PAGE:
38. In all things we are taught to rely on prayer.

Christian Science does not allow recourse to prayer in the true sense of the word. True prayer supposes a person to whom the prayer is addressed, and relies upon the assistance of the one to whom appeal is made. But Mrs. Eddy denies that God is personal. She declares that He "is not influenced by man." (Science and Health, p. 7.) "The mere habit." she writes, "of pleading with the divine mind as one pleads with a human being perpetuates the belief in God as humanly circumscribed." (Science and Health, p. 2.) The efficacy of prayer she attributes to its effect on the human mind, making it act more powerfully on the body, "Petitions bring to mortals only the results of the mortals own faith." (Science and Health, p. 11.) "The beneficial effect of prayer for the sick is on the human mind . . . it is one belief casting out another." (Science and Health, p. 12.) Such a self-centred process of auto-suggestion is not prayer in the Christian sense of the word at all.

39. By faith and prayer Christian Science gives the power to heal the sick and all manner of diseases. Jesus meant all His followers to have this power.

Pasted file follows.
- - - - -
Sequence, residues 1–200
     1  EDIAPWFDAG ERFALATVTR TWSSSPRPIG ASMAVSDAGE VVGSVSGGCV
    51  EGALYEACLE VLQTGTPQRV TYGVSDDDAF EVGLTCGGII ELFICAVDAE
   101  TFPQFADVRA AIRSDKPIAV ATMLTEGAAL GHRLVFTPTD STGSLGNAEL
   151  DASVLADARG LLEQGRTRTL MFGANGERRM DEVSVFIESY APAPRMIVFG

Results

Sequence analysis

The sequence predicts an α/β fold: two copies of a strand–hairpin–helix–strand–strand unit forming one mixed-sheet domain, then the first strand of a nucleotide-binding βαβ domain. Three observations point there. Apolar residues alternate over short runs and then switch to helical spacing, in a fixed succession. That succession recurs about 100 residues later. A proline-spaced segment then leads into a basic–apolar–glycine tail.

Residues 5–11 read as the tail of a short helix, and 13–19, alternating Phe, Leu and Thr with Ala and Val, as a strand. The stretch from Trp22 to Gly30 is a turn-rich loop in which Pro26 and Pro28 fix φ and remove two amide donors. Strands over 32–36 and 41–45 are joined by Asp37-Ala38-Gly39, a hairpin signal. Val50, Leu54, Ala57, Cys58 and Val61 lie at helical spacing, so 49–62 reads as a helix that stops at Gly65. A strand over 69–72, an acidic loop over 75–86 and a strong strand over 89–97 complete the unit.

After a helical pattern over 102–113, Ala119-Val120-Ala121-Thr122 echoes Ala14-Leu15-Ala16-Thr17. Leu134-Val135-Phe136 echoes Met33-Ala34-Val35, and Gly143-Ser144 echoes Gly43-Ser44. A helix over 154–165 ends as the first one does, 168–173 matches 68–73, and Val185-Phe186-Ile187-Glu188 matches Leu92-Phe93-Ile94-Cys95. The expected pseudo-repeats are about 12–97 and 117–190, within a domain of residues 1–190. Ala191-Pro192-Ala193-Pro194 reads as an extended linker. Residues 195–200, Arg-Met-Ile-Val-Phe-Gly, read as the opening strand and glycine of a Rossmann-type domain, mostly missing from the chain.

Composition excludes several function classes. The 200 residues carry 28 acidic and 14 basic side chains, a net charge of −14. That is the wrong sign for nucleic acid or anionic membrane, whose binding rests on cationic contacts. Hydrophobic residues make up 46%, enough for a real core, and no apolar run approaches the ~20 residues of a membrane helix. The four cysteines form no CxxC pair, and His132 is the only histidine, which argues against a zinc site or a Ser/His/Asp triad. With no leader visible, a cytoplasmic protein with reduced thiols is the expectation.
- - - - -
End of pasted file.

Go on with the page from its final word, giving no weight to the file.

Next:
If Christ meant all His followers to have this power, all would have it. For Christ, being God, could undoubtedly accomplish His designs. But not all His followers have the power to heal diseases at will. And the fact that they lack the power is evidence enough that such was not His intention. Any explanation which does not fit in with the facts must be rejected. But, in reality, there is not a text in the Bible which implies that all followers of Christ would have the power of healing. Christ came to save men from the effects of sin, and to induce and help them to live holy lives. He did not come to bestow upon all men the power of miracles. Holiness does not consist in doing startling things, or in escaping the cross of suffering.

40. Jesus Himself relied on mental-healing by natural powers.

That is really nonsense. Can you imagine the mental exertions of the dead body of Lazarus to think itself alive again? Before raising Lazarus from the dead Christ lifted His eyes and said, "Father, I give You thanks that You have heard me. And I know that You hear me always; but because of the people who stand about have I said it, that they may believe that You have sent me." (Jn., 11:41-42.) Those words prove that He was relying upon a Divine power beyond all the created natural forces of this universe.

41. Medicine was in vogue before Christ came. But we Christian Scientists know that Christ ushered in a new dispensation.